Names are messy - ORCID can help

Alice Meadows, Director of Community Engagement and Support, ORCID
Published 30 May 2016

Names  whether for people, places, or things  can be messy. People can be known by more than one name; we may change our name; we may share it with hundreds, thousands, or even hundreds of thousands of others; and it may be translated into other languages. All of this can cause confusion and often leads to mistaken identity.

Unique IDs easily link researchers to their work

This is especially a problem for researchers as it makes it difficult to reliably connect researchers with where they work, their funding, and their research contributions – publications, patents, peer review, and more. And, while these challenges affect all researchers, they can be even more of a problem for those working in the developing world. For example, a recent ORCID survey found that respondents in Africa, Asia, and Latin America were 10% more likely to be concerned about misattribution of their work than researchers in the rest of the world.

What is ORCID?

ORCID’s vision is a world where all those participating in research, scholarship, and innovation are uniquely connected with their contributions across time, disciplines, and borders. We are working to achieve this by providing researchers with a unique digital number – an ORCID iD – that can reliably and clearly connect them with information about their professional affiliations and activities.

Our mantra is ‘enter once, re-use often’, and one of our key goals is to reduce, and eventually eliminate, the need for researchers to manually update their records. Instead, they can use their iD in the hundreds of systems that already have built in ORCID connectors, to enable automatic updates across those systems without changing the way they currently work. This will save researchers and research managers time, minimise errors, and simplify reporting for everyone.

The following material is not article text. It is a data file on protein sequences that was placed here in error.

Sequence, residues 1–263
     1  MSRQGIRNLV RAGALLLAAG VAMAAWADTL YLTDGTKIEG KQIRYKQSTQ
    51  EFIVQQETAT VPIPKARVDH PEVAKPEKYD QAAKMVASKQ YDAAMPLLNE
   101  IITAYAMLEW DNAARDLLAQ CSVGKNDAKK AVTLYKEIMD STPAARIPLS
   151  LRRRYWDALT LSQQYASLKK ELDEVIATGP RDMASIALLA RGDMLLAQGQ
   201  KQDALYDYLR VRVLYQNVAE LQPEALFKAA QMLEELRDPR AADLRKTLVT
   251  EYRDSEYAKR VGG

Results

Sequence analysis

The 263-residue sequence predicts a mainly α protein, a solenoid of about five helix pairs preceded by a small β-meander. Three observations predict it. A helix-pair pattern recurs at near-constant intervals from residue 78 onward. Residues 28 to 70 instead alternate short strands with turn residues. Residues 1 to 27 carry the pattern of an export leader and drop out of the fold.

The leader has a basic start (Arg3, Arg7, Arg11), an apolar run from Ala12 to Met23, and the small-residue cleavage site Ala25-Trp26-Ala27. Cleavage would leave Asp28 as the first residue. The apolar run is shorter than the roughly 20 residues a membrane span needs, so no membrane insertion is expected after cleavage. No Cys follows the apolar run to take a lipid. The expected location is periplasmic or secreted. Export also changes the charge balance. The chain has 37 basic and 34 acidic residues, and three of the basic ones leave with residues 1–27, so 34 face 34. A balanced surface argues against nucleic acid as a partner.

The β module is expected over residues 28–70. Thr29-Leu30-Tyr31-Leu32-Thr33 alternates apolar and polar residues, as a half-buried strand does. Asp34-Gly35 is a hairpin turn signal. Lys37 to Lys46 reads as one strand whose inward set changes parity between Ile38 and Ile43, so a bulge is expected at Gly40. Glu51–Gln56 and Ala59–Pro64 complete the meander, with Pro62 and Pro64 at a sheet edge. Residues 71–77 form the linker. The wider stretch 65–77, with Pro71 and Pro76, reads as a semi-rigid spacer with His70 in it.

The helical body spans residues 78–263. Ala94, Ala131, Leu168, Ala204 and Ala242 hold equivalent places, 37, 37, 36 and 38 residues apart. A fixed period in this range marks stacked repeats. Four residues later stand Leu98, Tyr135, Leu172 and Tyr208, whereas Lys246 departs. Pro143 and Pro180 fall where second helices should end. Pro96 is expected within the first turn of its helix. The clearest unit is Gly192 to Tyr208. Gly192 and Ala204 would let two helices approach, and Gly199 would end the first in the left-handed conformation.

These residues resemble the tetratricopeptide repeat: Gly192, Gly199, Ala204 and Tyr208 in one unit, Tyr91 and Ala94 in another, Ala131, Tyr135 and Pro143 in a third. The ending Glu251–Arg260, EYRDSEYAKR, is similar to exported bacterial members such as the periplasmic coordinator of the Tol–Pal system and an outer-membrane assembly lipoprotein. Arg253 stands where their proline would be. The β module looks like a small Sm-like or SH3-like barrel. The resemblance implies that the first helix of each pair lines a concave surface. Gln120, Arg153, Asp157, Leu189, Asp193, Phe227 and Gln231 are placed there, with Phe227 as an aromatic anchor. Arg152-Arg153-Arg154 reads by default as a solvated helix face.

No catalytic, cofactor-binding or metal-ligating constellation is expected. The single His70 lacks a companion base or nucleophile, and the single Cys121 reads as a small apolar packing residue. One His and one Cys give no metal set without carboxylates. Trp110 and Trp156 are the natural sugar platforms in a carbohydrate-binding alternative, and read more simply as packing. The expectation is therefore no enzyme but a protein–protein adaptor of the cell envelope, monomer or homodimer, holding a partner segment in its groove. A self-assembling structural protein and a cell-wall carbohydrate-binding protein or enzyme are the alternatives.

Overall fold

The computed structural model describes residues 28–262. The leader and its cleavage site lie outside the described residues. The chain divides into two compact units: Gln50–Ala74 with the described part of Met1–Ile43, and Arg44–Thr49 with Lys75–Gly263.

To demonstrate how this works, let’s look at how ORCID works in the article publication process, which is currently where researchers are most likely to use their ORCID iD (55% of survey respondents had used their ORCID iD in this way). Publishers were early and enthusiastic adopters of ORCID and, as of April 2016, nearly 20 publishers are either already requiring their authors to use an ORCID iD or are planning to do so this year. This includes major publishers such as the American Geophysical Union, IEEE, PLOS, and The Royal Society (for more information see our open letter on the topic).

Many other publishers request ORCID iDs during the submission process. And some manuscript submission systems even allow authors to log in using their ORCID iD so that they don’t have to remember multiple user names and passwords for different journals.

What's in a name?What's in a name? For researchers, having a distinct identity is very important